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Whether separate legislation is needed for telemedicine in workers compensation seems to be open to debate.
No state has ever prohibited the use of telemedicine and all state medical boards have now approved its use, according to the Center for Connected Health Policy in Sacramento, California.
That has encouraged many third-party administrators to offer telemedicine in workers compensation programs.
Teresa Bartlett, senior vice president and senior medical officer for third-party administrator Sedgwick Claims Management Services Inc., said she sits on a state-level workers compensation committee in Michigan studying whether specific language is needed on telemedicine.
“There are Medicare guidelines related to telemedicine, and states are trying to decide if that language is sufficient,” she said. “At this point, it seems (the Michigan committee) is not seeing the need to develop separate language for workers compensation. I am sure many states are evaluating this and finding similar results. Only time will tell what approach they will ultimately take.
“One consideration may be fee schedule pricing of telemedicine,” Dr. Bartlett added. “If there is any legislation, it may focus on cost.”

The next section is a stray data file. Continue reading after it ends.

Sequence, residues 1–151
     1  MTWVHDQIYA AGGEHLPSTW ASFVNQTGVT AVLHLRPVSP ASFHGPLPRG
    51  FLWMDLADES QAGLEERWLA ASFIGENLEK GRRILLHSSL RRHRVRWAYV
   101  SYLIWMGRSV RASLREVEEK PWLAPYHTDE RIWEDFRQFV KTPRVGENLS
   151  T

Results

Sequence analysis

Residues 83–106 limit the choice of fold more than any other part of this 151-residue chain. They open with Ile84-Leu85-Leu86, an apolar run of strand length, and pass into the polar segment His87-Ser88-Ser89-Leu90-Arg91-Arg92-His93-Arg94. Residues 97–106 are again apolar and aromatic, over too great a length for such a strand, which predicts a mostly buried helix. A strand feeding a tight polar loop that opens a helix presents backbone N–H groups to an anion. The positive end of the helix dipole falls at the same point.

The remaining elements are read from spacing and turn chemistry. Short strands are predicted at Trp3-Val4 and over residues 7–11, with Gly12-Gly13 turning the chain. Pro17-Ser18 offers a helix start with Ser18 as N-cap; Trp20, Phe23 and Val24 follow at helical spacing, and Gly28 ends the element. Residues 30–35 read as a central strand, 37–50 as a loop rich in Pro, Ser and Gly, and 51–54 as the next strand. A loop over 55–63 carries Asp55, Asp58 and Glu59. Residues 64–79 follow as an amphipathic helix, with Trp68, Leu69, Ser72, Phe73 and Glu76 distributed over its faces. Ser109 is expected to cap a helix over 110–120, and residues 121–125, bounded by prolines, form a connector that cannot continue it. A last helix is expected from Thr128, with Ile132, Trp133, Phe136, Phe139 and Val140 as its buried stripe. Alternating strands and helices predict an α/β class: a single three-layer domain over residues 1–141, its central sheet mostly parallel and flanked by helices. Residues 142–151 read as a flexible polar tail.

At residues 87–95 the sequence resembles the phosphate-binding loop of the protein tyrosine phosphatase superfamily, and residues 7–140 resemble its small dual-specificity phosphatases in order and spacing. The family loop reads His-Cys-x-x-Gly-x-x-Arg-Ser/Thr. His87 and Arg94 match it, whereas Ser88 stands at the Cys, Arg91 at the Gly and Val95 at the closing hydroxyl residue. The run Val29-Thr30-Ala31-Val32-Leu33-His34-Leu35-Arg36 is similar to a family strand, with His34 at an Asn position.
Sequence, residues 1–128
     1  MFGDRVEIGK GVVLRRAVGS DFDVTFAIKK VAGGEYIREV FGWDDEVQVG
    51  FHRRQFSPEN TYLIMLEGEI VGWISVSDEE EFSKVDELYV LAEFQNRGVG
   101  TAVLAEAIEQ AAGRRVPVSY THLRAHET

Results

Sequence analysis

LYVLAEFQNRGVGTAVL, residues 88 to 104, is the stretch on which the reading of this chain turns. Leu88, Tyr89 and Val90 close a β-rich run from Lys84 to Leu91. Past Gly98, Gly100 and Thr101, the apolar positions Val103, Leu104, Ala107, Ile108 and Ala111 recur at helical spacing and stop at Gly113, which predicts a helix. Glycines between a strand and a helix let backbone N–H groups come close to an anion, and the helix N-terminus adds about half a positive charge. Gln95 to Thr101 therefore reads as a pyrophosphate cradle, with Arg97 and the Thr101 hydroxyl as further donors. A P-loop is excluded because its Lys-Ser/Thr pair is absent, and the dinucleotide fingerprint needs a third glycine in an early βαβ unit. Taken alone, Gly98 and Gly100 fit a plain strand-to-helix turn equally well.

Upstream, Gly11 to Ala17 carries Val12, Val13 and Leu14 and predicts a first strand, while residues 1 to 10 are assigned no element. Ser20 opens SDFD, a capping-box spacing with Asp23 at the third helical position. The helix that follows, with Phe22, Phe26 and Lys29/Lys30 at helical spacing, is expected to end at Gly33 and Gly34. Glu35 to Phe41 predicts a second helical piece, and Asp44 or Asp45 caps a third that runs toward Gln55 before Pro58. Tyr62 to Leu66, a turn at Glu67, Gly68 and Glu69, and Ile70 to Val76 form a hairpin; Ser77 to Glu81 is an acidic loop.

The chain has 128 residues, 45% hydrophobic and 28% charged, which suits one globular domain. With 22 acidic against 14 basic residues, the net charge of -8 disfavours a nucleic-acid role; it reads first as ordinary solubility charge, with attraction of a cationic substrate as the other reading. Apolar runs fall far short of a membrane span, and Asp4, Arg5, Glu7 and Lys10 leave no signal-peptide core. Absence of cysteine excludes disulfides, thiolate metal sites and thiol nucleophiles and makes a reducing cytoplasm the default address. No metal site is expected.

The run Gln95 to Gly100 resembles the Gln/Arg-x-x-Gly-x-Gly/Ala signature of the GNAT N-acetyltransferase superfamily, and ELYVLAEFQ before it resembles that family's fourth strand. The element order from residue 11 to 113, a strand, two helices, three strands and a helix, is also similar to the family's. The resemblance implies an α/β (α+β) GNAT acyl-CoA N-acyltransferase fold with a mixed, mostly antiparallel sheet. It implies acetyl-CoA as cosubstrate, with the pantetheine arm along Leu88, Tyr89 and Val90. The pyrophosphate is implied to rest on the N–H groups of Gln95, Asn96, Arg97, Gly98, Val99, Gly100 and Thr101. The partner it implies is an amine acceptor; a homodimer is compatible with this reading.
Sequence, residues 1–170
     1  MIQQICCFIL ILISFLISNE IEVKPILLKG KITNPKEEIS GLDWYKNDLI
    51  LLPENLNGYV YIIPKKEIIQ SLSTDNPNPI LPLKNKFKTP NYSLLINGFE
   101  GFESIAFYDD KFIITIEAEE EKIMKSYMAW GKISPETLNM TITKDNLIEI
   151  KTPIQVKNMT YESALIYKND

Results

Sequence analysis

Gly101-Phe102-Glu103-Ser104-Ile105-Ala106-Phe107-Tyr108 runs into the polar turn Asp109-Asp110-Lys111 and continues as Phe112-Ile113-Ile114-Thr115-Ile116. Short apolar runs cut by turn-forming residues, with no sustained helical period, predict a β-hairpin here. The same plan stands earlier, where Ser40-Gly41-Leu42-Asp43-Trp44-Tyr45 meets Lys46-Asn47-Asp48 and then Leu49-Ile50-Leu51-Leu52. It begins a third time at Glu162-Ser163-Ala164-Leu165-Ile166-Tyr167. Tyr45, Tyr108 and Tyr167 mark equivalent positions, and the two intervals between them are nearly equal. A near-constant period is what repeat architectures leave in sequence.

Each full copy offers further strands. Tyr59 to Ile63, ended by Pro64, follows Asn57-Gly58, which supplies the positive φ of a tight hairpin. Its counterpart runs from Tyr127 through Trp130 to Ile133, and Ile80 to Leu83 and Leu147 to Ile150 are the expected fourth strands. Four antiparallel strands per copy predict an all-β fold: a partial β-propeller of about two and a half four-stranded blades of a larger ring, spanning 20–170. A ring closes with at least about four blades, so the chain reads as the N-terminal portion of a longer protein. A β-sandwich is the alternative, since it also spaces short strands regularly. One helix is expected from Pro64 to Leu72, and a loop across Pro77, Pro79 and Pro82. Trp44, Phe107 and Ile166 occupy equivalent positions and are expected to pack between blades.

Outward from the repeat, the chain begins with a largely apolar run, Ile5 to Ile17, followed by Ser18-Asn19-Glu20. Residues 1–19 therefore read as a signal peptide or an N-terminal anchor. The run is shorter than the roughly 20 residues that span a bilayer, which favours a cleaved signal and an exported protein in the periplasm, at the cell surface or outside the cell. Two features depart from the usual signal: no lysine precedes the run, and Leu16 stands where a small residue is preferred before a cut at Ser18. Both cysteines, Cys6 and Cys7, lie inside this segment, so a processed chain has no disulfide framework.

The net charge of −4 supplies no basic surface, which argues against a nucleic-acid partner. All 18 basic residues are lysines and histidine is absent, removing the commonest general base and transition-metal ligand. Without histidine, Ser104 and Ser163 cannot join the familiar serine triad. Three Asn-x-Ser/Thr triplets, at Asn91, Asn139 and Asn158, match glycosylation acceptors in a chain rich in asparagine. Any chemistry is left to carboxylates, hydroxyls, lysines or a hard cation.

Memphis, Tennessee-based Sedgwick has offered a 24/7 nurse triage phone center for injured workers since 2008 and began offering telemedicine services in summer 2017.
David Lupinsky, vice president of medical review services for Irvine, California-based third-party administrator CorVel Corp., said the company launched a workers compensation telemedicine program in 2015 and has had 3,000 virtual medical visits since then.
“The number of visits per month seems to be on an exponential growth rate,” he said.
Mr. Lupinsky would like legislation that creates a “gold standard” for telemedicine practices, but payment parity laws may be less important, he said.
“I always look at reimbursement. Even if it’s not handled legislatively, the market will set the rate,” he said. “But if states are going to have fee schedules (for telemedicine), they should have it for workers compensation, too.”
The use of telemedicine continues to grow as the medical community, the public and insurers see the potential benefits of virtual medical visits to speed treatment, control costs and simplify follow-up care, but legislation and regulation facilitating its use to treat injured workers has been slow to emerge.